As Scottish as a sporran despite being Lancashire born and bred, Goram views most things Sassenach with the contempt, laced with humour, that ex-smokers have for cigarettes. But, in the aftermath of Wembley, the Rangers goalkeeper was coming to terms with the realisation that the Scots need a substantial favour from England if they are to reach the second phase of a tournament at long last.
"It's better for us if they beat the Dutch," he said. "We'll have to hope for that and do Switzerland by a big score. Once again it's in someone else's hands." Put simply, victory tomorrow for the Netherlands - or a draw - would condemn Craig Brown's team to their despised historical role of gallant losers.
Supporting Scotland has long been a triumph of hope over experience, to borrow a sagacious definition of politics. Yet, at half-time, the mood of their 10,000 followers reflected a justifiable optimism. As the England supporters looked on, grim faced, the tartan enclave throbbed to "Rockin' All Over the World" and - perhaps a request for Gazza and the Scribes West On Tour crew - "Tequila".
Scotland sprinted to the dressing-room; England trudged off. McAllister and Stuart McCall had dominated midfield, forcing Gascoigne ever deeper. Gordon Durie's pace was embarrassing Tony Adams, even if there was rarely anyone breaking into the box in support. And the wide players, both nominally defenders, were proving more adept at attacking than their English counterparts, both forwards, were at tracking back.
As one Scot after another admitted afterwards, the intensity of England's football immediately after their interval reshuffle took them aback. "That was what killed us," McCall said. "Steve McManaman got into the game and started running at us. That was the difference."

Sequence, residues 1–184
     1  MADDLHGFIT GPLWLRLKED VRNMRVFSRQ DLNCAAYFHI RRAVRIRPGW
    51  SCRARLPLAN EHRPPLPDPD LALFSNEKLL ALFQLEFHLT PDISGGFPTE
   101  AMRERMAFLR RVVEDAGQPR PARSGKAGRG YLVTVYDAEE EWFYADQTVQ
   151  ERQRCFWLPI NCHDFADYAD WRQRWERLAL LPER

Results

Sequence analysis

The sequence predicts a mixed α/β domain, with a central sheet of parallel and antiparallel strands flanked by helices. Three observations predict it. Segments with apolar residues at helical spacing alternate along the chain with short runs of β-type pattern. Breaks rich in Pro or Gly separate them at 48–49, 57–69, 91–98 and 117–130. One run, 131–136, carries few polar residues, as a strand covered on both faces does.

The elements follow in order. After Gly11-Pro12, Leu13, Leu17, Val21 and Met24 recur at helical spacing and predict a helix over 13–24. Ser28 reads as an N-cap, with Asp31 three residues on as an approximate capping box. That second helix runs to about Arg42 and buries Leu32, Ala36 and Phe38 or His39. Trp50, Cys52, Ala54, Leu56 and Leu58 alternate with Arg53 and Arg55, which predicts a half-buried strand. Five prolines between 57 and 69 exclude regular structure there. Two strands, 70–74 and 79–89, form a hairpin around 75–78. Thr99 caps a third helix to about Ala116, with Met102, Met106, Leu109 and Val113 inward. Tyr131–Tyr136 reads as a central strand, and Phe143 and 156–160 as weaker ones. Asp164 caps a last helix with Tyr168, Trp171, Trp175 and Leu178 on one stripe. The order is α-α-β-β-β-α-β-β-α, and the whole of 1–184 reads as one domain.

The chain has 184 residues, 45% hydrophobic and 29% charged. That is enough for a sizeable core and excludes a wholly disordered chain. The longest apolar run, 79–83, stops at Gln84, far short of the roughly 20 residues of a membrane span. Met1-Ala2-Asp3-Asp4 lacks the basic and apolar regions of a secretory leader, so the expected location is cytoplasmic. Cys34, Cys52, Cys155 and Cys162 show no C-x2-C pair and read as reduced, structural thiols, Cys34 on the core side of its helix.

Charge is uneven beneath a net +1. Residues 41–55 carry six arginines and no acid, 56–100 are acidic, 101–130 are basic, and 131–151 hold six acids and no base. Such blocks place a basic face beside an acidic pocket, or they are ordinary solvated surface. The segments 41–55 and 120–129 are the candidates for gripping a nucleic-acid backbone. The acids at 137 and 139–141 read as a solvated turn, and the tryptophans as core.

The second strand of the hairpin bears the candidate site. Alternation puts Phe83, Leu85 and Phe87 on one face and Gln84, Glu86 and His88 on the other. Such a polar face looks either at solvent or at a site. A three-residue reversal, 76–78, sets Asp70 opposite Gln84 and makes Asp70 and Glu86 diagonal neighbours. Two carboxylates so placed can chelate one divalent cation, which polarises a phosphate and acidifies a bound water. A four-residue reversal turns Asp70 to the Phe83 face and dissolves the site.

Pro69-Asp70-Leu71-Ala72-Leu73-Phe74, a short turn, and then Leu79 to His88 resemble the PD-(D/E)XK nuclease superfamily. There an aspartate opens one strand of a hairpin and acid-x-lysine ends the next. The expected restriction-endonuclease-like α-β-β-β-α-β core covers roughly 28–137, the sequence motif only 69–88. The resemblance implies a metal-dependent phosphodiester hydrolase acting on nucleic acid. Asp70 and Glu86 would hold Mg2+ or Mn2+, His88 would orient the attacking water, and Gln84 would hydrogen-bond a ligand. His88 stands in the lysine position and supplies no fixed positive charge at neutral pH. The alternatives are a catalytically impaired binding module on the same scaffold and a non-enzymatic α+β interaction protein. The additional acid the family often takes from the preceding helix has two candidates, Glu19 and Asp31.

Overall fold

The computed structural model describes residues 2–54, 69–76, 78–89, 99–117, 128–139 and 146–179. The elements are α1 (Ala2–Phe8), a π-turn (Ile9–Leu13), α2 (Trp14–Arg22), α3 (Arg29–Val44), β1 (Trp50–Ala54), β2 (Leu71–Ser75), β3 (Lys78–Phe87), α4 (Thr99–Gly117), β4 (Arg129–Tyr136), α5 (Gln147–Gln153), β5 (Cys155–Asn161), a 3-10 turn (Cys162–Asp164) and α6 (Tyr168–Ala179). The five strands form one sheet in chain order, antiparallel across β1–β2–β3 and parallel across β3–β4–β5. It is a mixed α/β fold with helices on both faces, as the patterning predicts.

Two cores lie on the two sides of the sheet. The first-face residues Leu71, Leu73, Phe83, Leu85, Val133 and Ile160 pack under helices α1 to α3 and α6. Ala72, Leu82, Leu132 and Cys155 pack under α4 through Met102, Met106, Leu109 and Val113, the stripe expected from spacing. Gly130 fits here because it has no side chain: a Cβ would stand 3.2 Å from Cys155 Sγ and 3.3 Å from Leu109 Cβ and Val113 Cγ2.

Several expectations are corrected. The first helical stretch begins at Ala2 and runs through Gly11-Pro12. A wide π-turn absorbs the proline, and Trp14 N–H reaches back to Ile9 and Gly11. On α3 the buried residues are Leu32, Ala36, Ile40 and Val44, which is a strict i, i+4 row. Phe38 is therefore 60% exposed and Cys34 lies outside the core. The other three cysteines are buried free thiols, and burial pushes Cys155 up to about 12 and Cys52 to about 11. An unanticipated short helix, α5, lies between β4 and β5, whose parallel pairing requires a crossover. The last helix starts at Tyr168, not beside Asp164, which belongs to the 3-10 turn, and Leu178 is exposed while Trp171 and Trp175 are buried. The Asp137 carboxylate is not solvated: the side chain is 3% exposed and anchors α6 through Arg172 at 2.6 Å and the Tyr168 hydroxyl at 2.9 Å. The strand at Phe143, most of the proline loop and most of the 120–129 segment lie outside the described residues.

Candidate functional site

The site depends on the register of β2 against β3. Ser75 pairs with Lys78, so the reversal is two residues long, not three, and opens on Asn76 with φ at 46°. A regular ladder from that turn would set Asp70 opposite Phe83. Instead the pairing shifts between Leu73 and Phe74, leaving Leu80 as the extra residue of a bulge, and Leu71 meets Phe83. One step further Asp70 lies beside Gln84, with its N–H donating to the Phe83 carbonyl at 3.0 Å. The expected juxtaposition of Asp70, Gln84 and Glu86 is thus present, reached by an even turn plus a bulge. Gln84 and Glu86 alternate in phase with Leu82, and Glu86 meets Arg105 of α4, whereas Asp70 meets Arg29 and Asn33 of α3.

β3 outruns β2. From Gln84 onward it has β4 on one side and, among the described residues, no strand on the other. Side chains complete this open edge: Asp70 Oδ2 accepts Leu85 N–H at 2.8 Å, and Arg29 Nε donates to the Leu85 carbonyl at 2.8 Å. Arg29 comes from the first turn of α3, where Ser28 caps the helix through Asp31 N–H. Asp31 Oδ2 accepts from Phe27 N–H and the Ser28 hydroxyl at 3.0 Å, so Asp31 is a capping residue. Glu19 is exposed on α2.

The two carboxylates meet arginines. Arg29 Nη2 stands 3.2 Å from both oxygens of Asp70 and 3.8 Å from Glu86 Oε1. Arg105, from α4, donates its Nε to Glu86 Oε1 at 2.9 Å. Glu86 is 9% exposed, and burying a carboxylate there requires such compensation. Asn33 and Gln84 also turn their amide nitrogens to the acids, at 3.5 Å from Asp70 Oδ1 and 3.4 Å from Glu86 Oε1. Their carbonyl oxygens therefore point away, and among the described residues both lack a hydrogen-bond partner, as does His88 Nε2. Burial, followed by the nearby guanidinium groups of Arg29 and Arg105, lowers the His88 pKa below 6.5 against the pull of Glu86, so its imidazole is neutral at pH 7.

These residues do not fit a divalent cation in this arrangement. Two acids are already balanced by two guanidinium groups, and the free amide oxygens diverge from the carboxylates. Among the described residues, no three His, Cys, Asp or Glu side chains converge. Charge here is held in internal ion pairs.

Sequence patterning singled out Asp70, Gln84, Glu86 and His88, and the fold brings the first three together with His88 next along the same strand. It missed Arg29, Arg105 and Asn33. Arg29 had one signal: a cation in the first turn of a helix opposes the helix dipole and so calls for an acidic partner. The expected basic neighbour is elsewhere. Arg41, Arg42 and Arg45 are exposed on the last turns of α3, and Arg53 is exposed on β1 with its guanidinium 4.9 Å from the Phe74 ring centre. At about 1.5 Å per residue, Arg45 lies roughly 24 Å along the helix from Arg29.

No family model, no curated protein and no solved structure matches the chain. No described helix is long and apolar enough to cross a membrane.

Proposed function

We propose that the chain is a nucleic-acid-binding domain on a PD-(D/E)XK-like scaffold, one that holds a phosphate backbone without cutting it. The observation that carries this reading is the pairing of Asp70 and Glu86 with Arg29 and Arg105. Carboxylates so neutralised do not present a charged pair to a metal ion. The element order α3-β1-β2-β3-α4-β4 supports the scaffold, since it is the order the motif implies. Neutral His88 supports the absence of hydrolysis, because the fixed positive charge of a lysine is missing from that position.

McAllister's miss from the spot, following Alan Shearer's goal, generated sympathy for an outstanding captain whose visit to Wembley with Leeds also ended in despair. Ally McCoist confessed that he offered to take responsibility: "I fancied it, of course, but I might have had the same result. It was a wonder save."
Colin Hendry felt they were so "deflated" by the turn of events that concentration might not have been at its sharpest when Scotland's Footballer of the Year made it 2-0. As McCall put it: "If we'd scored then, we'd have been in the driving seat. But it was a great goal by Gazza."
What irked many of the Scottish squad was that they had drawn with the Dutch, whom they considered to be superior to England, yet lost to the old enemy. "It would have been easier to take if we'd been well beaten," McCoist said. "But we seem to have been in this position before."
The sound of the Scottish section of the crowd pledging undying allegiance in song, long after the rest of the stadium had emptied, was indeed an echo of the last finals in Sweden. Likewise, the failure to embroider acceptable performances in their opening two fixtures with a goal.
Craig Brown, who was then Andy Roxburgh's assistant, noted the similarities when he agreed that his team lacked "incisiveness" up front. Referring to the 60 seconds in which one playmaker compounded the other's punishment, he said: "It's a big morale boost when you score, and the reverse when you fail to."
The Scotland manager accepted that the odds are now stacked against them: "We might not qualify, but we can certainly go out with a flourish like we did in the 1992 finals, when we beat the CIS 3-0 in our last game."
England may yet come to their rescue. But in the words of one sick-at- heart scribe, who may have been watching too much Rab C Nesbitt, it looks like deja vu all over again.